I recently upgraded my camera body and when it came in the mail I was so excited to pop on my fav lens and start shooting. Then I realized that the camera only accepts CF memory cards. Whoops. I own a bunch of SD cards and of course no CF memory.
New Rule: Always read the specs before you buy!
I guess those SDs will come in handy when I finally upgrade to my dream camera that accepts both types of cards. #oneday
Since I have been spending some quality time lately researching cards I thought it would be fun to share some tips on what to look for when purchasing a memory card for your digital camera.
- Type: There are a ton of different kinds of memory you can buy for your digital camera. The most common cards are Secure Digital (SD) and Compact Flash (CF). CF cards are larger and heavier than SD and generally faster. CF cards also use pins to connect to the camera and they can be bent and corrupted easier than SD cards.
- Speed: CF and SD cards usually display speed in “MB/sec” (60 MB/s) and/or based on X ratings = 150KB/sec (1000X, etc). Generally the higher the speed, the faster the card. Most CF cards now have UDMA (Ultra Direct Memory Access) capability which allows the card to read and write to the camera quickly. Finally, many SD cards also have “class ratings.” Usually anything above 4 is good but most people prefer to buy cards rated at class 10.
- Size: This really comes down to two factors: what format are you shooting in and how many photos do you feel comfortable storing on one card? Memory cards come in all sizes usually from 4GB up to 64GB. If you are shooting in RAW format or RAW+JPEG then you may need a bigger card but if you shoot compressed JPEGS then a smaller card will work. I tend to not like to “put all my eggs in one basket” and prefer to use 8GB and 16GB cards. I shoot 100% in RAW and fill those up pretty quickly so I usually have two or three with me at all times. I like the fact that if something goes wrong not all of my photos would potentially be damaged. This method is more costly (especially for long trips or weddings) but I feel like it is the safest.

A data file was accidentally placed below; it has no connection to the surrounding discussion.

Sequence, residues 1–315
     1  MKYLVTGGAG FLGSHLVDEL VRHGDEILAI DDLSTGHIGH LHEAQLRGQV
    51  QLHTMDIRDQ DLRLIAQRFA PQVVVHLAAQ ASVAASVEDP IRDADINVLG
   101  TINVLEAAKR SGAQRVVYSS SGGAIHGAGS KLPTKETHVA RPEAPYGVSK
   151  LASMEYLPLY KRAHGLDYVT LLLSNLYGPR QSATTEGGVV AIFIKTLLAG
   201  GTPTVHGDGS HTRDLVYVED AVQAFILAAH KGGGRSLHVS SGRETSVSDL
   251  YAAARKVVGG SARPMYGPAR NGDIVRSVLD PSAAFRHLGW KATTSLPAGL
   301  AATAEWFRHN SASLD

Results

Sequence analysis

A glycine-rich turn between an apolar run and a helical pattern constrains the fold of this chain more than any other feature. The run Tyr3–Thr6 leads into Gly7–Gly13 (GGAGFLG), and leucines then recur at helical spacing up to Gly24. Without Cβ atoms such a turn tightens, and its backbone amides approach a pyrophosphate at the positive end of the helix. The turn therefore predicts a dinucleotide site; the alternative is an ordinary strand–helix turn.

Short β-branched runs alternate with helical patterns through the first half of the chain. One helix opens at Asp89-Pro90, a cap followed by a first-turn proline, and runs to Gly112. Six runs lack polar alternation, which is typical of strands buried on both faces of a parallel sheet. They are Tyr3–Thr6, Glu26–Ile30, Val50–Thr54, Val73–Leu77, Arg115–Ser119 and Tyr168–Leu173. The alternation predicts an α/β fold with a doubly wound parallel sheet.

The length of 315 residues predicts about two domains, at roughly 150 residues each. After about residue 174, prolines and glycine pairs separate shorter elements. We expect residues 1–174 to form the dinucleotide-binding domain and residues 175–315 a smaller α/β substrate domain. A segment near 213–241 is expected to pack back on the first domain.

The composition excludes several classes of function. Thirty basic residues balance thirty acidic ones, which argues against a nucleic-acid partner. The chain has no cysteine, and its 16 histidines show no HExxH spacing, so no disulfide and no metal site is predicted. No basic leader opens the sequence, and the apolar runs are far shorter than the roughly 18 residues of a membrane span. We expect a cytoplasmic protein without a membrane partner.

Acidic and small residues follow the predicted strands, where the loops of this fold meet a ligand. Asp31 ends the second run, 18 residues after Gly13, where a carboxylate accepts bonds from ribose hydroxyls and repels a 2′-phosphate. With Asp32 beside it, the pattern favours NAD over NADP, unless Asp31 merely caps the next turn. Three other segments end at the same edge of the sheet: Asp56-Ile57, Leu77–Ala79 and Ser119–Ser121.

- Price: Like most things in life, the bigger and better a product, the more money you pay. I also like to think of things like this as an investment in your work and business. If you scrimp on cheap, off-brand cards it is more likely that they will fail faster. Buy what you can afford. If you are a hobbyist who doesn’t shoot for money, buy a mid-range card. If are a pro making a business out of your photography, buy the higher rated, “extreme” or “pro” series cards.
My top picks:
Based on my experience these are the best cards I have used. They are fast and I have never had issues with them failing (not to say that they won’t eventually).
CF: I recently bought the Sandisk Extreme 16GB 400x CF card and really like it. It is very fast and I haven’t had any issues. It isn’t cheap but works well.